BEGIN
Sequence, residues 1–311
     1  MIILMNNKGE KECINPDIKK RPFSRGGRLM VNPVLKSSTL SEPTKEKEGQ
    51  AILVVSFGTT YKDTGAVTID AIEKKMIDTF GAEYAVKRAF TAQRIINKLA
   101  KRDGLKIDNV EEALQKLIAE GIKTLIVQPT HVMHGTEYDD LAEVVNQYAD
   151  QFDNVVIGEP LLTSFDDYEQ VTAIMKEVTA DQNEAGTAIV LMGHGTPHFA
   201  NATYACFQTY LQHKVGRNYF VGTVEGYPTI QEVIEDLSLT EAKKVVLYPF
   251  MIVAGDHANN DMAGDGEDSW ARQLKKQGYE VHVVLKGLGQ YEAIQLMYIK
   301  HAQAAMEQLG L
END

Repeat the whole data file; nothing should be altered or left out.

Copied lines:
Sequence, residues 1–311
     1  MIILMNNKGE KECINPDIKK RPFSRGGRLM VNPVLKSSTL SEPTKEKEGQ
    51  AILVVSFGTT YKDTGAVTID AIEKKMIDTF GAEYAVKRAF TAQRIINKLA
   101  KRDGLKIDNV EEALQKLIAE GIKTLIVQPT HVMHGTEYDD LAEVVNQYAD
   151  QFDNVVIGEP LLTSFDDYEQ VTAIMKEVTA DQNEAGTAIV LMGHGTPHFA
   201  NATYACFQTY LQHKVGRNYF VGTVEGYPTI QEVIEDLSLT EAKKVVLYPF
   251  MIVAGDHANN DMAGDGEDSW ARQLKKQGYE VHVVLKGLGQ YEAIQLMYIK
   301  HAQAAMEQLG L